Wake Forest researcher Dr. Anthony Atala recently spoke on CBC's science podcast Quirks and Quarks about his work in the almost unbelievable science of engineering organs. His team is actually able to manufacture several types of biological organs. While this is still at the research stage, it could lead to a future where replacement parts for humans are only a few weeks of printing and growing away.
Atala describes the different techniques for producing organs and tissue, which sound very similar to issues in 3D printing. He says the simplest to produce is flat tissue, such as skin. More complex levels may be tubes, hollow and eventually "solid" organs where a full three dimensional manufacturing process must take place.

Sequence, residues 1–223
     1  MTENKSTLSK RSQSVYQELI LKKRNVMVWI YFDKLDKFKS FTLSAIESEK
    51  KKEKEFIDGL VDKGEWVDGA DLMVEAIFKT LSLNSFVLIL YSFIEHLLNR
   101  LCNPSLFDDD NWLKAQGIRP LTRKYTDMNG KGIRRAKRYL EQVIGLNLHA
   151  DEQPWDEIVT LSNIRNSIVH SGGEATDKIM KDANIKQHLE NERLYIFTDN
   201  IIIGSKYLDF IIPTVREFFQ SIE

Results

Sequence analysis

While the simpler objects are made using basic scaffolds (which may in fact be 3D printed themselves), the more complex organs are likely to be 3D printed. The process will be quite familiar to 3D printing aficionados: a bucket of "free" cells are cultured and then fed as print material into a bio-compatible 3D printer. The printer lays out the cells and support material in the required pattern. Then after some days or weeks the cells naturally link together and become a true organ. It is likely with multiple print heads you'd be able to produce an organ with multiple types of cells.
While this is still at the research stage, it could lead to a future where replacement parts for humans are only a few weeks of printing and growing away.